• To create an office of the inspector general to investigate waste, abuse, corruption and fraud.
• To require all lobbyists and contractors to disclose political contributions.
• To create community advisory councils for each new district.
• To require individuals to live in the city for one year before they can run for political office.
• To give the council authority to approve the appointment of the police chief and selected other employees.
Monday, Apr. 25, 2011
I don’t know any of the candidates in the upcoming race for mayor of Chillicothe, Ohio, but I’ve learned of their experiences and campaign platforms thanks to their local newspaper.
One essay that stood out for me was from a lifelong resident who has spent his entire adult life operating a couple of local businesses, serving on the city council, and involving himself in things like going on a ride-along with the police and fire departments. Candidate Joe Sharp also writes about enrolling in ethics, leadership, and grant-writing workshops, and even highlights his tour of the storm drain runoff system. Along the way he has also volunteered as a school crossing guard, and it sounds as though he has attended just about every meeting held at city hall.
I was pretty impressed with his candidate’s statement until I came to the last part.I liked the part about ensuring fiscal oversight, and his generous offer to take a 20 percent pay cut. But as the list of reforms grew longer I became more concerned.
Speaking in the first person, Sharp pledges, “I would personally evaluate the operation of every department to ensure efficiency and accountability. I would take inventory of all buildings and land to ensure they are being used to their fullest potential by combining, relocating, selling or leasing.” This “I” mentality could slip into dangerous territory, leading to council interference in the daily operations of the city. Can he even fulfill these promises?
Despite his good intentions I had to draw the line on his pledge to the voters to “remove the mayor’s office door and make sure you have my cell phone number. I want open, honest, and accurate communication. I will be your mayor 24 hours per day, seven days per week.”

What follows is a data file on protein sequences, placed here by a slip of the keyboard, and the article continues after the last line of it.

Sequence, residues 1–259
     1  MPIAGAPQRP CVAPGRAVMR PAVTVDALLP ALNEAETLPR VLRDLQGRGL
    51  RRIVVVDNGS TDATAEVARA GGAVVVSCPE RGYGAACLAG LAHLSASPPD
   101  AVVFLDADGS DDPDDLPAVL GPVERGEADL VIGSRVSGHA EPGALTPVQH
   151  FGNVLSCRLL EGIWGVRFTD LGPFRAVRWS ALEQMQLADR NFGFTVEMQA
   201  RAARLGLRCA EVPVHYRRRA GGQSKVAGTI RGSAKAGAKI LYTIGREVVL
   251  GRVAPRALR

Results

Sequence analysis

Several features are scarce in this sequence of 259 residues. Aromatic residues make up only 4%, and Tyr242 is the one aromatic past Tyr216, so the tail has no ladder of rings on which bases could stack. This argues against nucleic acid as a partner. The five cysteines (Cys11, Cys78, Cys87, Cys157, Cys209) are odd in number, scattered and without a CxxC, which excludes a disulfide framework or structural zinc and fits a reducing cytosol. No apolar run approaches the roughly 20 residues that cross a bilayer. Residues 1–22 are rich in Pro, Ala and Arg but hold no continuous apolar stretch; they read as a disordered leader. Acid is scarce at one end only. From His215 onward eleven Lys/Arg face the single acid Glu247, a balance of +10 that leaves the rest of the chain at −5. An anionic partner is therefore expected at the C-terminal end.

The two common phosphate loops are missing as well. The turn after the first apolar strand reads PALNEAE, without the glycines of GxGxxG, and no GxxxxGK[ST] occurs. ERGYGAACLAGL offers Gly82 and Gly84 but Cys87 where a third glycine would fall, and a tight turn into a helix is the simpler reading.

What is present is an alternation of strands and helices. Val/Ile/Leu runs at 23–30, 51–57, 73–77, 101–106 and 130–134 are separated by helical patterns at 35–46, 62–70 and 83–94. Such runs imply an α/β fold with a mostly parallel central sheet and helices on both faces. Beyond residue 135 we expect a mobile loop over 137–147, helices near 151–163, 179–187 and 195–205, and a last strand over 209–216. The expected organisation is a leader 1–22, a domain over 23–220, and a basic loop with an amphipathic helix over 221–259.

In a town of 22,000 it may be tempting to be the “go-to” mayor on every issue, but there are structures set up in government to allow city departments to operate without the direct involvement of the mayor. And the mayor can only be as effective as the cooperation he or she shares with council colleagues.
While every campaign is filled with energy, ambitious ideas, and promises to the voters, it is wise to remember the local government is still a collaborative, interactive process, and we should try to preserve that.
Tuesday, Feb. 8, 2011
The race for mayor of Chicago has already garnered plenty of headlines, and we can expect even more coverage in the coming weeks. But an equally important election could shape the future of the city.
A staggering 240 candidates are vying for seats on the Chicago city council.
The 50 aldermen (women are also called aldermen) are elected to four-year terms and represent geographic “wards” in the city. Although they meet just once a month, they handle the same kinds of land use, traffic, public safety, and school issues facing locally elected officials in small, medium, and large cities across the country.
With a new mayor comes the opportunity for change, and voters are fortunate to have the local newspaper take interest. The editorial board of the Chicago Tribune held endorsement debates for the 43 contested seats, and began publishing their recommendations Monday, starting with the first 10 wards. It’s a sometimes dizzying description of Chicago politics, but serves as a vital source of information for the public.
In an era marked by shrinking local news coverage, when public meetings are no longer attended by “beat reporters” it is encouraging to see this kind of commitment by the newspaper. The obligation is now on the voters to take note of this research on the candidates and issues before heading to the polls.
Tuesday, Nov. 9, 2010
In last week's election in Palm Beach County, Florida , 72% of the voters voted "yes" to adopt a charter change strengthening the ethics commission and the authority of the county's inspector general.
That's the good news.